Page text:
M.I.T. (Kildow and Huguenin, 1974) has shown comparable consumer attitudes
towards seafoods grown with sewage inputs. Even studies on attitudes toward
irradiated fish (Yankelovich, 1966) and on fluoridation (Sapolsky, 1968) show
similarities. These all have the common denominator of a potentially object-
ionable input and a food or injested output (see Table 1). In all cases where
it has been investigated, the level of public ignorance about the processes
involved is very high (Table 2). In addition, much of the public's factual
krtowledge, as limited as it may be, is incomplete, inaccurate and even incorrect.
It should be pointed out that in the only case of actual usage of
reclaimed sewage water for potable supply during a drought emergency (water
reused 8-15 times), consumer attitudes were strongly negative (Metzler et al. ,
1958). However, the recycled water had some very undesirable properties
including a yellow coloration, unpleasant odor and taste and upon agitation
would froth, all of which unquestionably affected consumer attitudes. This
highlights the practical problems often encountered in trying to separate
technical and psychological issues in real situations. Modern technology
undoubtedly can and must do better.
However, while it is relatively certain that a large segment of the public
would not oppose the use of at least some "wastes" in aquaculture, there is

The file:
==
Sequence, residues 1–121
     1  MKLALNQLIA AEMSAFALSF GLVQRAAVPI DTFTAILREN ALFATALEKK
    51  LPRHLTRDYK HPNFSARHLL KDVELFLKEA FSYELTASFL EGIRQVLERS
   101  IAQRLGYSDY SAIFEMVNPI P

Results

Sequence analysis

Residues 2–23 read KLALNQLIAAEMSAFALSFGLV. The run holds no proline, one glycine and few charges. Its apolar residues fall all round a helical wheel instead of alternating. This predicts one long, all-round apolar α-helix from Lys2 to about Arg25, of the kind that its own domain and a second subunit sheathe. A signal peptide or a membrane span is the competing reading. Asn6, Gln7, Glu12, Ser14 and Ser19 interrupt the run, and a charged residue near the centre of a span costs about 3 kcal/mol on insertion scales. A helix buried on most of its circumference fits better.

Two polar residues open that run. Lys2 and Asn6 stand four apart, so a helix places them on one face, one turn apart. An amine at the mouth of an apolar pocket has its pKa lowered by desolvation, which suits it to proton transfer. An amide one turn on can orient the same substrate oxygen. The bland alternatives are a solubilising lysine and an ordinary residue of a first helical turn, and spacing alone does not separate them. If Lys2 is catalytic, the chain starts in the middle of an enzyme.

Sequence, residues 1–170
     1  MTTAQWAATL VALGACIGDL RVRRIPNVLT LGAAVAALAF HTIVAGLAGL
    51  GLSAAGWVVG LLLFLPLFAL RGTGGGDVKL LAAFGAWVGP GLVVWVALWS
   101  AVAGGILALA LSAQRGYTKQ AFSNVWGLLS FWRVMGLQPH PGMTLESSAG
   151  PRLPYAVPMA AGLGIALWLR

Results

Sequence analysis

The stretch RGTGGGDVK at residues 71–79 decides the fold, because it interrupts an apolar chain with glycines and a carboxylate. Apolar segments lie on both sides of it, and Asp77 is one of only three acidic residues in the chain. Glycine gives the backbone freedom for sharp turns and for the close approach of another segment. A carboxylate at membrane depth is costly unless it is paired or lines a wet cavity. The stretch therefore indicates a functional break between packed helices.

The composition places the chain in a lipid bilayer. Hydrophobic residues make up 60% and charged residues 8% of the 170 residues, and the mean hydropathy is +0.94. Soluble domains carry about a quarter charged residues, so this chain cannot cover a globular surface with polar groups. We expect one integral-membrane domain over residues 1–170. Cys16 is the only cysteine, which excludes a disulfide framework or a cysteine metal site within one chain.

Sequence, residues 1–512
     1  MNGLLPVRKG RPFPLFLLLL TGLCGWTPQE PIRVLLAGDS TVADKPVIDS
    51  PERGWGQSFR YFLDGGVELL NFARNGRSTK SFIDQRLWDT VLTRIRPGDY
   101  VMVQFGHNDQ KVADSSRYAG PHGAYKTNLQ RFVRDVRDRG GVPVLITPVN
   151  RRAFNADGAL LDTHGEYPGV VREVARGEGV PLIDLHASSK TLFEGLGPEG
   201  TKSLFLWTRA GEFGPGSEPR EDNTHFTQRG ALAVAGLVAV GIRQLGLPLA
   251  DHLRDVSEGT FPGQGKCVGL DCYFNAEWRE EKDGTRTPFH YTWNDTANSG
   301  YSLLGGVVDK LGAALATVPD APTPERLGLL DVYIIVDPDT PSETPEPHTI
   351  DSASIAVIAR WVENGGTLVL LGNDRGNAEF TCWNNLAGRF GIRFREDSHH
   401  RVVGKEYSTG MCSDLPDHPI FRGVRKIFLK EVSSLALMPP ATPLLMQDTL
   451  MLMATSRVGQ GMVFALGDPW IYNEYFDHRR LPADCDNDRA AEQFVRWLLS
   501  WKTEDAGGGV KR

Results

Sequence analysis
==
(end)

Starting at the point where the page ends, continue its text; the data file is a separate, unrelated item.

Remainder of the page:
GENERAL ATTITUDES TOWARD CONTROVERSIAL FOODS
Of the people who had heard of radiation
processed food "Would you eat radi-
ation processed food?"
"Would you buy irradiated fish which could
be purchased along with the rest of
the weeks groceries and prepared
"Would you consider buying the cultured
product (waste grown) if your
favorite kind of fish were locally
available along with the cultured
Of the people who had heard of squid,
their attitude toward squid as a
Respondents not opposed to reclaimed
water for drinking water and in
"Suppose Health Authorities in your
community determined that it was
safe to drink recycled water - that
is water that has been purified and
treated for taste appearance and so
on "Would the water be acceptable?"
Yes 53% (369)* Yankelovich, 1966
No 11% (77)
Yes 35.3% (38) Moore, 1969
Strong yes 39% (16) Kildow &
Strong no 2% (1) Huguenin, 1974
Positive 18% (24)
Negative 35% (46)
Yes 38% (626)
No 55% (906)
Bruvold & Ward, 1972
Gallup Poll, 1973
*Numbers in parenthesis indicate quantity represented by percentage.
THE PUBLIC'S AWARENESS
"Have you heard of radiation processed
Yes 24% (705)* Yankelovich, 1966
"Have you ever heard of this process
Yes 33.6% (36) Moore, 1969
"Have you ever heard of squid?"
Yes 64% (85) Kalikstein, 1974
Knowledge question on reclaimed waste
correct 27% (262)
(116) Bruvold, 1972
*Numbers in parenthesis indicate quantity represented by percentage.
little information on the numbers or degree of activism of either strong
supporters or strong opponents. This is a critical void, since small vocal